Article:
ness and discrimination, in seeing the difficulty. How often have young persons brought questions to me, when it has been perfectly evident that their whole object was not to be taught, but to show me their own shrewdness and dexterity. They listen in such cases to what I say, not to be taught by it, but to think what they can reply to it, and bring objection upon objection, with a spirit which refuses to be satisfied. Be careful to avoid this. Ask for the sake of learning. Listen with a predisposition to be satisfied with the answer, and never enter into argument, and take your side, and dispute with your parent or your teacher, with a view to show your dexterity. If you have this spirit, and exercise it, an intelligent parent will always detect it.

4. Difficulties of parents and teachers. This discussion is intended also as the means of helping parents and teachers, and older brothers and sisters, out of one of their most common difficulties-I mean, that of answering questions brought to them by the young. Learn to say, I do not know." If you really will learn to say this frankly and openly, it will help you out of a vast many troubles.

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You are a Sabbath-school teacher, I will imagine. A bright-looking boy, whose vanity has been fanned, perhaps, by flattery, says to you before his class,

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There is one thing in the lesson that I do not understand. It says, God made the earth first, and afterward the sun. Now the sun stands still, and the earth and all the planets move round it. It seems to me, therefore, that he would have been more likely to have created the sun first, for that is the largest, and is in the middle,—and afterward the planets."

As he says this, you see a half-smile of self-complacency upon his countenance, as he looks round upon his class-mates, to observe how they receive this astonishing display of youthful acumen. If now you attempt any explanation, he does

Pride in asking questions.

Humble spirit.

not follow you with any desire to have the difficulty removed. He either is absorbed in thinking how shrewdly he discovered and expressed the difficulty, or else, if he listens to your reply, it is to find something in it upon which he can hang a new question, or prolong the difficulty. He feels a sort of pride in not having his question easily answered. He can not be instructed, while in this state of mind.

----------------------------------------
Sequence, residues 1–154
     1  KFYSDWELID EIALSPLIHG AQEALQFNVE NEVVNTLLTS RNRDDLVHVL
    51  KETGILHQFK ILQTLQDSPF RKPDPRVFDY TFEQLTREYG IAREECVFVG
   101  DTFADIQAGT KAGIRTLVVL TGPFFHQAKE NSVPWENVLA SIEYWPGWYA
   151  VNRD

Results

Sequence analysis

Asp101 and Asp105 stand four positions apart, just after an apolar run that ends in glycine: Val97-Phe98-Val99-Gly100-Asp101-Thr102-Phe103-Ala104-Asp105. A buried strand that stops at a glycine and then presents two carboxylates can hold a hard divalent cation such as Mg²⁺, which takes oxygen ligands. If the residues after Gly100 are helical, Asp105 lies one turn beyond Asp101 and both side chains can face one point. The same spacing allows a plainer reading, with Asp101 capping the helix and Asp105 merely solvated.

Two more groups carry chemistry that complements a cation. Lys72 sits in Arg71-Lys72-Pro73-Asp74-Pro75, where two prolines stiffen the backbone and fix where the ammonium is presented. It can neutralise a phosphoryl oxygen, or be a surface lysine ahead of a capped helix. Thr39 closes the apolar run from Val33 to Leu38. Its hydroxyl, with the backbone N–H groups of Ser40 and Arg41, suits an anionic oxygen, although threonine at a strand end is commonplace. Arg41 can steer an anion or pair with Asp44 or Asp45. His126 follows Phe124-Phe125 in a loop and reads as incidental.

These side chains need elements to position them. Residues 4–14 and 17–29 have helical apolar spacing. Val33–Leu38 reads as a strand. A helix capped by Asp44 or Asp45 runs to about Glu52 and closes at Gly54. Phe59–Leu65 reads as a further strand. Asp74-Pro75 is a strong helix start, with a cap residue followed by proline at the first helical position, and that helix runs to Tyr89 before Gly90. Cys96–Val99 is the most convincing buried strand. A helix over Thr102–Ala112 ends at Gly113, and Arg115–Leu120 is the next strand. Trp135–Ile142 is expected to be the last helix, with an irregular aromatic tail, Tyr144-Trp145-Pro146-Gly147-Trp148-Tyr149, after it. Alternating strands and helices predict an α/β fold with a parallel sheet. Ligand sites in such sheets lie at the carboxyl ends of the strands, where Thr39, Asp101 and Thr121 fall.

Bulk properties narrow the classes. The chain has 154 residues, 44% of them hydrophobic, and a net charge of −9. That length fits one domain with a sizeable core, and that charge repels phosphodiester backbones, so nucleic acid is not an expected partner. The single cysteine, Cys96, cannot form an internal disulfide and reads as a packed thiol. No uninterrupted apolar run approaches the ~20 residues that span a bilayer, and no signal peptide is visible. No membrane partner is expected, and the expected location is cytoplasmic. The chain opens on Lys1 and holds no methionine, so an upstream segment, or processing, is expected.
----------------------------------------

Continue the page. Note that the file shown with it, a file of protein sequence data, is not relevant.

"What then would you say to a boy in such a case?" you will ask.

I would say this to him: "I do not understand that very well myself. I know nothing about the creation but what that chapter tells me. You can think about it, and perhaps some explanation will occur to you. not very necessary for us to know. you to understand exactly how God made the world, in order to enable you to be a good boy next week."

In the mean time it is
It is not necessary for

Thus universally, a humble, docile spirit will disarm every theoretical difficulty of its power to perplex us, or to disturb our peace.

Evidences of Christianity.

The merchant.

CHAPTER VII.

EVIDENCES OF

CHRISTIANITY.

"God who at sundry times and in divers manners, spake in time past unto the fathers by the prophets, hath, in these last days, spoken unto us by his Son."

66

THE first inquiry which meets us in entering upon the consideration of this subject is, What sort of evidence of the truth of Christianity are we to expect?" The only proper answer is, that sort of evidence which men require to produce conviction, and to control the conduct in other cases. The human mind is so constituted, that men are governed by a certain kind and degree of evidence in all the concerns of life—a kind and a degree which is adapted to the circumstances in which we are placed here. This evidence, however, almost always falls very far short of demonstration, or absolute certainty. Still it is enough to control the conduct. By the influence of it a man will embark in the most momentous enterprises, and he is often induced by it to abandon his most favorite plans. Still it is very far short of demonstration, or absolute certainty. For example, a merchant receives in his counting-room a newspaper which marks the prices of some species of goods at a foreign port as very high. He immediately determines to purchase a quantity of the goods, and to send a cargo there; but suppose, as he is making arrangements for this purpose, his clerk should say to him, "Perhaps this information may not be correct. The correspondent of the editor may have made a false